Pete Seeger, the American folksinger whose clear voice entertained and inspired millions, died on Monday night at the age of 94. Seeger's grandson, Kitama Cahill-Jackson, reported that he died of natural causes at New York-Presbyterian Hospital.
I cannot hope to write an appropriate tribute to Seeger, a man with a tremendously long career who made many, many friends and lived his life with a sense of dignity and principle that I could only hope to live up to. And, reading the obituaries that have been published since last night, most of them touch upon his work making music for families only briefly.
But with Seeger, distinctions between "kids music" and whatever you want to call music that wasn't "kids music" didn't exist. He sang for audiences of all ages drawing upon the deep well of folk music of America and around the world. His viewed his folk music as a way of communicating his ideals of community -- and if you were going to sing of a world where everyone was pulling with the same oar -- why wouldn't you want to reach the kids in addition to his parents?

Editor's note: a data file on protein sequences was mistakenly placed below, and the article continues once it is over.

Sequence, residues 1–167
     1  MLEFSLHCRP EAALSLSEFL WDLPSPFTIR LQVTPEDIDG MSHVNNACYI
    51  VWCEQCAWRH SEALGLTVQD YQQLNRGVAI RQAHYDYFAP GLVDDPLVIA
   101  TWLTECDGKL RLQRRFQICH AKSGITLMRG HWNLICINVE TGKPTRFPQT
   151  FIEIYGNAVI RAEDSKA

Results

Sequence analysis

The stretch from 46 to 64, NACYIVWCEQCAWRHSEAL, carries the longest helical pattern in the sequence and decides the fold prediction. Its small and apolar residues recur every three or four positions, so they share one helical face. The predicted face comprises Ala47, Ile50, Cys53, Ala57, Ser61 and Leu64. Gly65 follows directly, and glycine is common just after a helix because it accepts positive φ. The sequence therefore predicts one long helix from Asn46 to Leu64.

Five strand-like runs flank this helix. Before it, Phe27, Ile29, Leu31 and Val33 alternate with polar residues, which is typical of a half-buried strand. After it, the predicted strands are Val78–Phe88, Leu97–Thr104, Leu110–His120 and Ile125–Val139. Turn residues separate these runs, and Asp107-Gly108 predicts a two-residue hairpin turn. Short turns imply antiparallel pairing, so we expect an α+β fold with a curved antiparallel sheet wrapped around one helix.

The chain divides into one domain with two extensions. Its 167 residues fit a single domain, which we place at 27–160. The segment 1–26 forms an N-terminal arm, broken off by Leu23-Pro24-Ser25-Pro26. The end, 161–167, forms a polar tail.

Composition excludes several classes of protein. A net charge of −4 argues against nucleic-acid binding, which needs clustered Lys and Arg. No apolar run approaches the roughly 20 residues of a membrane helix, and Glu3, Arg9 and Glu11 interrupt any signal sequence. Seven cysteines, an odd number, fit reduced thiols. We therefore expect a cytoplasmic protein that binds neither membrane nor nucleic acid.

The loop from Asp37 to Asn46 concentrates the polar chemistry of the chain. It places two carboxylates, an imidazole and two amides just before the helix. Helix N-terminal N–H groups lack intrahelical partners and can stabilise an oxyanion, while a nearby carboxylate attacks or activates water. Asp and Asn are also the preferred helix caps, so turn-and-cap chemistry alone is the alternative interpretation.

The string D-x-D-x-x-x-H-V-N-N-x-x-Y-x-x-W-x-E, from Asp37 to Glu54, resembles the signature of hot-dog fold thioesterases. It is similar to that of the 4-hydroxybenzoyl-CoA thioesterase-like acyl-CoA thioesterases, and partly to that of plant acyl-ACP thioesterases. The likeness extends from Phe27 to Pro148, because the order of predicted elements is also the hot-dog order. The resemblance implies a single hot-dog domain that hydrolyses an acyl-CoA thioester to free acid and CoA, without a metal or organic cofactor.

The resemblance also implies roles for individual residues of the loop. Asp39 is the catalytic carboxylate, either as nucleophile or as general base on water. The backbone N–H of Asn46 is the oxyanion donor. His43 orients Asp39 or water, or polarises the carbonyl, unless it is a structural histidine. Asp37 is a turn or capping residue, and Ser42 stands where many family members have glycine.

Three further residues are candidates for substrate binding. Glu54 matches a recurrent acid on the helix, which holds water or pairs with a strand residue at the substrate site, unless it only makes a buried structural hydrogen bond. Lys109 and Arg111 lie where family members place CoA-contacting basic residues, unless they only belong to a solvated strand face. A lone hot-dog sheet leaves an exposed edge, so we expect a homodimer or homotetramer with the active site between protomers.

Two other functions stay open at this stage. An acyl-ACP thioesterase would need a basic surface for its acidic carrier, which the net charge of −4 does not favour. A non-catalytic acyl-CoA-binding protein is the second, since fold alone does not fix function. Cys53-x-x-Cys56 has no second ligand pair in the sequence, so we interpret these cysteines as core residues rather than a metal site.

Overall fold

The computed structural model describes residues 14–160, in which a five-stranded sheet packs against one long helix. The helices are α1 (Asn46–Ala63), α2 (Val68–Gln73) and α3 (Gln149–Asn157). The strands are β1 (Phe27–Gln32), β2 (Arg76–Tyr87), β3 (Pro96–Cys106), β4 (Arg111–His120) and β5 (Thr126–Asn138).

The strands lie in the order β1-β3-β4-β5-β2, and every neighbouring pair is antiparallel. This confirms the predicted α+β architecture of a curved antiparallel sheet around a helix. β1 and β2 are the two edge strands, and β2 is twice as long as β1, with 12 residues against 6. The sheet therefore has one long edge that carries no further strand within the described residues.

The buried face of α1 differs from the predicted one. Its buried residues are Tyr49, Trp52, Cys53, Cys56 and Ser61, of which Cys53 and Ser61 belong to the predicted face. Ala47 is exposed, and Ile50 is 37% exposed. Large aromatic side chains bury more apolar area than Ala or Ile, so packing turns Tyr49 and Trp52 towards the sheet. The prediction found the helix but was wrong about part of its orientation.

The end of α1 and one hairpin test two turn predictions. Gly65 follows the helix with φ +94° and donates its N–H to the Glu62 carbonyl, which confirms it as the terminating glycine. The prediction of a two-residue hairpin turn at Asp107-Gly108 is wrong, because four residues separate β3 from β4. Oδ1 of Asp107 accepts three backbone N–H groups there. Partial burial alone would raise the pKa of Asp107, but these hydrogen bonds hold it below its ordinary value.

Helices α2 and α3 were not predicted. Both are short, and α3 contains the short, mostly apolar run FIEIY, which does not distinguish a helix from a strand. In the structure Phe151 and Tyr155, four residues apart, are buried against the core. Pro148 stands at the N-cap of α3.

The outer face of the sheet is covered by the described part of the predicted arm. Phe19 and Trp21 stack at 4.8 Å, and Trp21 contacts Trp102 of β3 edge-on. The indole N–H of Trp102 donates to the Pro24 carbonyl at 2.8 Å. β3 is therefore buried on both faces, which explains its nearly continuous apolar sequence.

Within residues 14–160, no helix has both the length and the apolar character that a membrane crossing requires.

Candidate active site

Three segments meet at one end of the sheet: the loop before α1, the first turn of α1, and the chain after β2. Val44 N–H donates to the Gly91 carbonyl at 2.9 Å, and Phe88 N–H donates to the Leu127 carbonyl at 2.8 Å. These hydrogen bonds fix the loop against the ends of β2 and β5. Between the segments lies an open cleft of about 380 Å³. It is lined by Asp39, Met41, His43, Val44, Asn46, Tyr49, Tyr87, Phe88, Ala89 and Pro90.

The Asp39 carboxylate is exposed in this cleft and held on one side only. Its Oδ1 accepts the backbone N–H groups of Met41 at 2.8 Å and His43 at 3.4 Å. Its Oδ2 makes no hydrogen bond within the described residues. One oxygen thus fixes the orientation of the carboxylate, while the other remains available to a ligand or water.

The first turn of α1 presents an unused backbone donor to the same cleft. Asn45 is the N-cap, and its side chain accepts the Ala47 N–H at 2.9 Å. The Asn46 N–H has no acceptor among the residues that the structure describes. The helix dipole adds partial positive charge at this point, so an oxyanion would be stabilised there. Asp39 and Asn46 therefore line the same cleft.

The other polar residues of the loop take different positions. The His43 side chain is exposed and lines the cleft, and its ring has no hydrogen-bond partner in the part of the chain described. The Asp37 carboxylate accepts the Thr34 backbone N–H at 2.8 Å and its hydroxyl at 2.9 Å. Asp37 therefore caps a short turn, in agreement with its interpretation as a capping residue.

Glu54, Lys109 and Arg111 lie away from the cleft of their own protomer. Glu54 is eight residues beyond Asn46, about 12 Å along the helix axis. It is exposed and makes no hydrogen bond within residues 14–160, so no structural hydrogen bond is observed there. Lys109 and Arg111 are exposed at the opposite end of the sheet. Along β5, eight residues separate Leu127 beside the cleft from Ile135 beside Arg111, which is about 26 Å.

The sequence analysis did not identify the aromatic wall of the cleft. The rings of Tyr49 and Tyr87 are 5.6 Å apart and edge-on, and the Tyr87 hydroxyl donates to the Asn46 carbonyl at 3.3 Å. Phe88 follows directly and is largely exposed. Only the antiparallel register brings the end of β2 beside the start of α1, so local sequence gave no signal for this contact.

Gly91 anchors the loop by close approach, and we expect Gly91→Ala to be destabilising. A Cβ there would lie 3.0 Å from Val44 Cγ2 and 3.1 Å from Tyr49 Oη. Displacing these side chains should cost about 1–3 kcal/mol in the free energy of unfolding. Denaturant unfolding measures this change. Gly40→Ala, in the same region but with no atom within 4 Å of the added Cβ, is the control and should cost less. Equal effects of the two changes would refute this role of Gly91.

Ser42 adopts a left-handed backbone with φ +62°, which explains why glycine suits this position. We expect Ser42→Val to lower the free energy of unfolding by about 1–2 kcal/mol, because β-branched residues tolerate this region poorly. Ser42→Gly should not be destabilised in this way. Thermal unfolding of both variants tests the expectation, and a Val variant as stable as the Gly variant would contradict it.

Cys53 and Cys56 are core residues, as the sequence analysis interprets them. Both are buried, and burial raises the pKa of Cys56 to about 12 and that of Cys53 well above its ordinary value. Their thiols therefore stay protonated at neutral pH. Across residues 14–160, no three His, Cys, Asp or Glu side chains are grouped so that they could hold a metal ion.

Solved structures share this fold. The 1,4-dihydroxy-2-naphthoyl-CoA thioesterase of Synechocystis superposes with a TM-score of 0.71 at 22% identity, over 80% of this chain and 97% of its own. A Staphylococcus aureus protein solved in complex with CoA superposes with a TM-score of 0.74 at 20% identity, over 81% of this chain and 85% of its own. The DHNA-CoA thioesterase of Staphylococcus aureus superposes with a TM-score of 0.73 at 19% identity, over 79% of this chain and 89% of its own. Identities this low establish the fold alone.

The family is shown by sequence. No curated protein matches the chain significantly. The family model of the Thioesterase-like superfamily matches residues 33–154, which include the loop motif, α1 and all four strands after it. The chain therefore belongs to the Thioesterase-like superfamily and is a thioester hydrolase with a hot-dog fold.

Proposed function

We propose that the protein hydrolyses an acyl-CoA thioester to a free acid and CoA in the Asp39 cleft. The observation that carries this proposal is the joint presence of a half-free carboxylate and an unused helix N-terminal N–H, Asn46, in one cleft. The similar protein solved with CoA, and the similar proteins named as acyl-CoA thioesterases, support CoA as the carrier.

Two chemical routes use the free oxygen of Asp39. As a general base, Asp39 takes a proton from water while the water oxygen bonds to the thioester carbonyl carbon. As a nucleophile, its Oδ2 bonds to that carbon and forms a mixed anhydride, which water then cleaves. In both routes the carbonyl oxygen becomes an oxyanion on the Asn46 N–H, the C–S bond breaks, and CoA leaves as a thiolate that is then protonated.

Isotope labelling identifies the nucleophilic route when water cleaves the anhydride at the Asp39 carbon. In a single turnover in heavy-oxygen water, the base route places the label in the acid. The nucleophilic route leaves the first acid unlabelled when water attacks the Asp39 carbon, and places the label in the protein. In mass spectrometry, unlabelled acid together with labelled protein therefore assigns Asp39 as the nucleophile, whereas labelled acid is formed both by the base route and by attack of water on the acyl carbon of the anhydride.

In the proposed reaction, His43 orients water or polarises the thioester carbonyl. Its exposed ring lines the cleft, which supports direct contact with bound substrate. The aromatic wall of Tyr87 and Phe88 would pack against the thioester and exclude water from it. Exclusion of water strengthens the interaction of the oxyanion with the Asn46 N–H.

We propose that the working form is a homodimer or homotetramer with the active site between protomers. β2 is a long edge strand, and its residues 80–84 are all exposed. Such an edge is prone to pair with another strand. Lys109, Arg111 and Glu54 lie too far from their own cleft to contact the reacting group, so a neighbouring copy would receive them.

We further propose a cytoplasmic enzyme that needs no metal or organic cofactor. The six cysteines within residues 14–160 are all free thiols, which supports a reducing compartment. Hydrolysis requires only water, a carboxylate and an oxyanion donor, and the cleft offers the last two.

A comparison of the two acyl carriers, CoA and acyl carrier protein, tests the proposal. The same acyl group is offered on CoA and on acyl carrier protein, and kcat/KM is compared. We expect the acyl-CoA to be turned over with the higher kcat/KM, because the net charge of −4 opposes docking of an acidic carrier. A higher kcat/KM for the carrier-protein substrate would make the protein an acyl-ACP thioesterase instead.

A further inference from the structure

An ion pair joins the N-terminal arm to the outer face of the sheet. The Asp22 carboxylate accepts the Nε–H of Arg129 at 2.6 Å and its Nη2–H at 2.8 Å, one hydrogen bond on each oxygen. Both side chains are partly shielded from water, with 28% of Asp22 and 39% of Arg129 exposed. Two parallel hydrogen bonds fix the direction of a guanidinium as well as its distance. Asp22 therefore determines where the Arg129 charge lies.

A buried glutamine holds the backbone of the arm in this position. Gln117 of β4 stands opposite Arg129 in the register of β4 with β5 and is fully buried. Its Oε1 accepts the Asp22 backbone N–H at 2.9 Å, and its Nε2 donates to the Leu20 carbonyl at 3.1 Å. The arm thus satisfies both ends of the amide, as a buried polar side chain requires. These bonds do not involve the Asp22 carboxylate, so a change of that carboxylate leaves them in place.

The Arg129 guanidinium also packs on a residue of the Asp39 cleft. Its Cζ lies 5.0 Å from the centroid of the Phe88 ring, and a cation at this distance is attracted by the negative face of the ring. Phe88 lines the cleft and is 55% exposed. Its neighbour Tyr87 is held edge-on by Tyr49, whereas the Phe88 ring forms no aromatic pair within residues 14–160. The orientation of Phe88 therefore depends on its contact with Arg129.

Seeger was a prolific recording musician -- he recorded 38 albums for Folkways just between 1950 and 1964, for example. He one one Grammy for his children's music, for 2010's Tomorrow's Children, but that was not his best work. And while his Smithsonian Folkways work is essential, if I had to pick just one Pete Seeger family album to recommend to you, it would be his 1963 album for Columbia, Children's Concert at Town Hall (affiliate link). It's Pete at the prime of his career, a fine banjo player and his amazing voice (THAT VOICE!), all in service of bring an entire audience together in song. It's joyous, and I wouldn't hesitate to recommend it to someone of any age.
It is not hyperbole to say that without Seeger we wouldn't quite have "kindie" as we do today. Set aside the artists such as Dan Zanes and Elizabeth Mitchell whose debts to Seeger are much more obvious and you'd still have countless others in genres often far afield from folk who carry on the idea that music can and often should be made for listeners of all ages. We've lost a powerful voice with Pete's passing, but I think he'd expect us to pick up the melody and pass it along.